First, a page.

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For the retail complex in Birmingham, UK, see Bull Ring, Birmingham. For other uses, see Bull Ring.
Málaga's bullring lies in the heart of the city.
Artistic representation of the oldest bullring in Spain, La Maestranza.
The Plaza Mexico situated in Mexico City, is the world's largest bullring
Exterior facade of the arena in Nimes, a converted Roman amphitheatre.
Plaza de Toros de Chinchon

A bullring is an arena where bullfighting is performed. Bullrings are often associated with Spain, but they can also be found in neighboring countries and the New World. Bullrings are often historic and culturally significant centers that bear many structural similarities to the Roman amphitheatre.


Common Structure

The classic bullring is an enclosed, roughly circular amphitheatre with tiered rows of stands that surround an open central space. The open space forms the arena or ruedo, a field of densely packed crushed rock (albero) that is the stage for the bullfight. Also on the ground level, the central arena is surrounded by a staging area where the bullfighters prepare and take refuge, called the callejón (alley). The callejón is separated from the arena by a wall or other structure, usually made of wood and roughly 140 cm high. The partition wall has doors for the entrance and exit of the bull (puerta de los toriles) and human participants (puerta de cuadrilla), although the form, number, and placement of these doors will vary from one bullring to another. In regular places, the wall is pushed outwards leaving splits (burladero, from burlar: to evade, to dodge) that allow the bullfighters to go in the arena and to take refuge but are too narrow for the bull. Nevertheless, on rare occasions the bull jumps the wall causing havoc in the corridor. The walls also have a type of stirrup or foothold that aids in crossing over to the central arena, and sometimes stirrups on the arena side as well; these are used mostly by event staff if they need to intervene quickly in the case of an emergency. The arena is surrounded by climbing rows of seats. The seats are priced differently according to the position of the sun during the show, normally in the afternoon. The hot sol, "sun", is cheaper than the fresher sombra, "shade".

Architectural origins

Bullrings evolved as specialized sporting arenas hand-in-hand with the sport that demanded them. Many of the ancient Roman amphitheatres had characteristics that can been seen in the bullrings of today (in fact the ring in Nimes, France, is a Roman artifact, though it is more elliptical than the usual plaza), and the origin of bullfighting is very closely related to certain Roman traditions. In the formative years of the sport on the Iberian peninsula, those Roman enclosures were not commonly utilized for bullfighting events. Back when bullfighting festivals were conducted principally on horseback, the spectacle was a more public affair that took place in the city's open plaza area. It was only later, when bullfights were conducted principally by men on foot, that the public needed a structure to house them appropriately. Not only did the crowd need special seating to view the spectacle, they also needed a structure to contain the general disorder that reigned at festivals during the heyday of such legendary figures as Costillares, Pedro Romero and Pepe-Hillo. In these early days, the circular form was not to be taken for granted. When La Maestranza bullring in Sevilla was authorized for construction in 1730 specifically to house bullfights, the original plans called for a rectangular arena for the first three years, only later to be changed to a circular form that avoided the cornering of the action and put all viewers at the same approximate distance, the same reason for the elliptical form of amphitheatres. Another circular plaza was begun in Ronda in 1754, and it featured its first bullfights in 1782. In the change from the 19th to the 20th century the Neo Mudéjar style became in vogue for plazas, involving decoration in visible brickwork. Since the 1990s, new construction technology allows some rings to be covered permanently or temporarily.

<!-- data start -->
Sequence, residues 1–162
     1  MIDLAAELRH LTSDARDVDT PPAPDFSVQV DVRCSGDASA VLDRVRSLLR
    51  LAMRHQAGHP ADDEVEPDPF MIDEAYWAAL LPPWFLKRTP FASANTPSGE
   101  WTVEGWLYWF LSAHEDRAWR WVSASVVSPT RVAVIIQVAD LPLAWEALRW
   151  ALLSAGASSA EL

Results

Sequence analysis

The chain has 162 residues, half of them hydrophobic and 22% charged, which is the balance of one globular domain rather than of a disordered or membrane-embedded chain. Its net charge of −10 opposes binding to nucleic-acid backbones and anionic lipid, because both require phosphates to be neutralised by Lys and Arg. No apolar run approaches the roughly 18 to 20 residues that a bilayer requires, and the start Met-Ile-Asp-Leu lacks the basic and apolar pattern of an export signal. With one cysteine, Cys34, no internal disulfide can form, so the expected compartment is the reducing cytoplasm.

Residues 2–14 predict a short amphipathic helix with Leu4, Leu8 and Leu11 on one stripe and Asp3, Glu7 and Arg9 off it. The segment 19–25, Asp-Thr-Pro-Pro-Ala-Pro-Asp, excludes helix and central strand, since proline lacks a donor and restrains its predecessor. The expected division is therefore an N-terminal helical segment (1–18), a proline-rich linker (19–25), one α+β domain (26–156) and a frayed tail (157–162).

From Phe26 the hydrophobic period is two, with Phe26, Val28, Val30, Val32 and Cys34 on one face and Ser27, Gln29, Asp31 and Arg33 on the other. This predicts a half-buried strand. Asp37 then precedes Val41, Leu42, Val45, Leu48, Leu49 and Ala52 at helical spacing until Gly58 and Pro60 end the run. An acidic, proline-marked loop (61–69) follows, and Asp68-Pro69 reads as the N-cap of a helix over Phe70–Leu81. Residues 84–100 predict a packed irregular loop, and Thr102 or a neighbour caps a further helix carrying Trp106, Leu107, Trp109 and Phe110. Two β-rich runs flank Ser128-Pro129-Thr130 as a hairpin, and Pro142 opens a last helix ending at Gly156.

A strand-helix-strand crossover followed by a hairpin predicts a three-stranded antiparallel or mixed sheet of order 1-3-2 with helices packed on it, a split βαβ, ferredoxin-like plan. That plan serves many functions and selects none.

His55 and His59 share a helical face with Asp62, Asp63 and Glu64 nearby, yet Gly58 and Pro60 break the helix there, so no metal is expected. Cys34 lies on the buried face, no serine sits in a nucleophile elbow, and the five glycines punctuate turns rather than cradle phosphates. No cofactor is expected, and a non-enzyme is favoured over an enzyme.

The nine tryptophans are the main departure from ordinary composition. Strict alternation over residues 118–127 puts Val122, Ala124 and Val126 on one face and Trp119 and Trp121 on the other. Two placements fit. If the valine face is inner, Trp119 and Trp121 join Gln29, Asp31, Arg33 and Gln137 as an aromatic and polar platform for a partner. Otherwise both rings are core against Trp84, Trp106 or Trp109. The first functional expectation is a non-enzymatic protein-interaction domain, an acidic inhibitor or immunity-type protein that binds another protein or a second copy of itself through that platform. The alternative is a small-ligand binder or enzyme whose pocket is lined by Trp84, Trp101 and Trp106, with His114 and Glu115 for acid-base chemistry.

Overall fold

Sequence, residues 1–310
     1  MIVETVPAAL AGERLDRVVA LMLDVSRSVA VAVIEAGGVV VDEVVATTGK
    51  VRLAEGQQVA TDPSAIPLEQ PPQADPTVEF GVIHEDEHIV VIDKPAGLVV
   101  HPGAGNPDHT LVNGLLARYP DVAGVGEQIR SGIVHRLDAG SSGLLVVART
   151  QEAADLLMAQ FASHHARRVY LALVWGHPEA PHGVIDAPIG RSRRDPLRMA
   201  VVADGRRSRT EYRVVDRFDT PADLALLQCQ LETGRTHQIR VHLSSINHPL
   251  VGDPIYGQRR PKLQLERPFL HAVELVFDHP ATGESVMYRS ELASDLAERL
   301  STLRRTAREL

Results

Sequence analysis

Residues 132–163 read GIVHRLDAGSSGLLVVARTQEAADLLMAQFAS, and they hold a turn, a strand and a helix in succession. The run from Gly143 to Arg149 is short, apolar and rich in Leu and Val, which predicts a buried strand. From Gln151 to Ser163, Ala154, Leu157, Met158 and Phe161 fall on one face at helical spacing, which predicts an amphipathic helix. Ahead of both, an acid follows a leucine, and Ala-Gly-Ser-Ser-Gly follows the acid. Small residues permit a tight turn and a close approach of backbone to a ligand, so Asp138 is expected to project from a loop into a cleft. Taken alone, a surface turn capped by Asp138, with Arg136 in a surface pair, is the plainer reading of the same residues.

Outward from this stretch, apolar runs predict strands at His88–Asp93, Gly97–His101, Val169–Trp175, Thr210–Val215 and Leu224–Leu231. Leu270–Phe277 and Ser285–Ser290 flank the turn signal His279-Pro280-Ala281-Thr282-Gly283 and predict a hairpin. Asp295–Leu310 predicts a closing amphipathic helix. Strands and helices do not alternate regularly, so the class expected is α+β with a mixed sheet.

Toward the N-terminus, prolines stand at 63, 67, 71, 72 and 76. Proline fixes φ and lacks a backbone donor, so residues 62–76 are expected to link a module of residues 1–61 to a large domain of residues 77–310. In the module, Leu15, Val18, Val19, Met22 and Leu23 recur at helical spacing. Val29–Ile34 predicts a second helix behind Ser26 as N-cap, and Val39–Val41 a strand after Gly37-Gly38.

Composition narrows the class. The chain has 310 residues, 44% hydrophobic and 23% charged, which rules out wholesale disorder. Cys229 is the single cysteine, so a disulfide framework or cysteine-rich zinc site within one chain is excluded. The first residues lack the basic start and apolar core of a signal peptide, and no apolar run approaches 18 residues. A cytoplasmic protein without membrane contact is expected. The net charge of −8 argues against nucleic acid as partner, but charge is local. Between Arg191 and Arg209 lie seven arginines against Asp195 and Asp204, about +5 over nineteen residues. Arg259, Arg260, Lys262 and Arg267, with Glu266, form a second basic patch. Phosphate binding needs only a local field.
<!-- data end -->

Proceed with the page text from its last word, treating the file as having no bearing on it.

Alternate uses

The primary purpose of the ring is bullfighting, but it is usually limited to some festival weeks in the year. In other times, it may be used as a concert venue as in the Rock en el ruedo tour of Miguel Ríos or the live record Diamonds & Rust in the Bullring, featuring a Joan Baez concert in the Bilbao plaza.

Before the diffusion of modern sports premises, bull rings were used in the Basque Country for challenges of resistance running. The public made bets on the number of laps the runner could make. No bulls were involved.

After the battle of Badajoz (1936) of the Spanish Civil War, the Badajoz ring was used as a confinement camp for supporters of the republic and, allegedly, many were executed there.

Bullrings of the world

The most famous bullrings in the world are Plaza de Toros de Las Ventas in Madrid (Spain), widely regarded as the most prestigious one, La Maestranza in Seville (Spain) and Plaza de toros de Mexico in Mexico. The main bullrings are usually found in Spain, southern France and Portugal, and in former Spanish colonies in the New World countries of Mexico, Costa Rica, Panama, Venezuela, Colombia, Ecuador, Peru and Uruguay. Some include:

External links



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